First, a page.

The result was that literally every area of the Benchmark that I thought needed improving was near perfect. I personally feel there is no justification for any cable manufacturer to charge these prices for cable, regardless of how good it sounds. It still is only wire and dielectric. In the end, however, I felt that the synergy between the cable and the unit was so astounding, I had no choice but to buy this cable. So, Benchmark owners, you owe it to yourself to at least try this cable, and let me know your opinion.

Next to power cords. The RS Cables Starchord was very decent sounding, though it was a bit more distant in the mids, so was the RS interconnect. My beloved Acoustic Zen Tsunami Plus was a fine performer, but its stiffness makes it difficult to use on small components. Also, I feel this cord is best on units other than source components. It has a tendency to sound a tad midrange forward on digital sources. However, it is an incredible cord and my reference on power amps. I should point out that there are many products out there I have not heard.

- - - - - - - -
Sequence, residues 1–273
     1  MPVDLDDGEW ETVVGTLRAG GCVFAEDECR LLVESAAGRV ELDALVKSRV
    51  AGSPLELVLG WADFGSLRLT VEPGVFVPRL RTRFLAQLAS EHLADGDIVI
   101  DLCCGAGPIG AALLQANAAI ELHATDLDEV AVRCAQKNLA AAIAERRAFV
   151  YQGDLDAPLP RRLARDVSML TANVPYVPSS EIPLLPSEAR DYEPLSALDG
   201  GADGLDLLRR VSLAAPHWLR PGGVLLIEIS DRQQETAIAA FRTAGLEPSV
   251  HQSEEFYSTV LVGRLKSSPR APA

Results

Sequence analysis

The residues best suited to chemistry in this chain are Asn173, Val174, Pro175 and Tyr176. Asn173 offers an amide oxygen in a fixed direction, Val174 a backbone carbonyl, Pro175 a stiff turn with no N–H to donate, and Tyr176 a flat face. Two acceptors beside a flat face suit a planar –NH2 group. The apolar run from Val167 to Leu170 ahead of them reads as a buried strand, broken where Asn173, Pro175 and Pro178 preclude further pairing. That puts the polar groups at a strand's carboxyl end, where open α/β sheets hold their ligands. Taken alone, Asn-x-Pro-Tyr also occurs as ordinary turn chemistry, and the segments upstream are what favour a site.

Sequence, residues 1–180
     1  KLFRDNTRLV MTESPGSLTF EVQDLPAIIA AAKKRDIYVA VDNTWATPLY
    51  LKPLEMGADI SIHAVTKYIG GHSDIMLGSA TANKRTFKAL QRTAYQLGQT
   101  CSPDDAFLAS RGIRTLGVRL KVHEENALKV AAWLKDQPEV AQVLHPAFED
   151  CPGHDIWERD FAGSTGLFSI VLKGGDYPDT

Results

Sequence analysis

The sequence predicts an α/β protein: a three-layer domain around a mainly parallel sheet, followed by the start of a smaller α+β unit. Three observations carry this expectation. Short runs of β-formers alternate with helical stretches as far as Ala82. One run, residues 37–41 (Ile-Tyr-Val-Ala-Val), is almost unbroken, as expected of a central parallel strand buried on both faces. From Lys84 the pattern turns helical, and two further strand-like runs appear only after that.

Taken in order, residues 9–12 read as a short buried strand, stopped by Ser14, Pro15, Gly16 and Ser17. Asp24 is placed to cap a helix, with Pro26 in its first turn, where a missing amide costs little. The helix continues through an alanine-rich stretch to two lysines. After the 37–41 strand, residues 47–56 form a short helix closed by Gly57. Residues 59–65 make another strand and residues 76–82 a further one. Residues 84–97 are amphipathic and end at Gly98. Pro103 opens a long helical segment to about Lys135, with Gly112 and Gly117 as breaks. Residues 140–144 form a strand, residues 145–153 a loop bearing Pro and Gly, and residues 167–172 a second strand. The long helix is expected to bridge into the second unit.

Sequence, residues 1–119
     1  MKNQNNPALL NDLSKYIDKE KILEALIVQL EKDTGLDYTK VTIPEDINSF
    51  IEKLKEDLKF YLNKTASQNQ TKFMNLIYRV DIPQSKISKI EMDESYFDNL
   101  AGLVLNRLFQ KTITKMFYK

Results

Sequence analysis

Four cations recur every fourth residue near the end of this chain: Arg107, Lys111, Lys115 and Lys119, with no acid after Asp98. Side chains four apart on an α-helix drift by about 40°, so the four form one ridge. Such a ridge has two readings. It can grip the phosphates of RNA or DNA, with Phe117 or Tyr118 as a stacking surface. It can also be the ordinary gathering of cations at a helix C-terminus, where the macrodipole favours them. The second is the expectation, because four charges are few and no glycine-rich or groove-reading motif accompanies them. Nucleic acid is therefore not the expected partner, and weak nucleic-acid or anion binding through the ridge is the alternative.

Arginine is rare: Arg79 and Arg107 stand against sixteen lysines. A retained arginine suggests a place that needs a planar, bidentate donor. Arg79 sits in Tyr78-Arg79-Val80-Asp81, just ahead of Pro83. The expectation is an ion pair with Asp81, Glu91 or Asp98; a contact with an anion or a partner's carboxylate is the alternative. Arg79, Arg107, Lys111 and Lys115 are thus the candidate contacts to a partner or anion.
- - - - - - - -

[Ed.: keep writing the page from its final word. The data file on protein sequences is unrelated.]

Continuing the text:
My ultimate choice was the Van den Hul Mainsstream, as its black background and high, clear resolution seemed to be the perfect choice. I do not recommend this cord on power amps at all, as it can be a bit aggressive and clinical sounding. I need to give out the warning that there are many fake Vdh Mainsstream cords circulating in the community. For further information on this subject, feel free to email me. Keep in mind, the real Van den hul is not cheap at $435, and rarely do you see an authentic one for sale used.

With all my equipment choices, I look for units that sound musical. Units that have a coherency to their sound. I don't find many solid state preamps that have this coherency. Many cables don't have coherency either. In DACs, I didn't find my Theta ProBasic III very coherent, or my Trivista DAC, for that matter.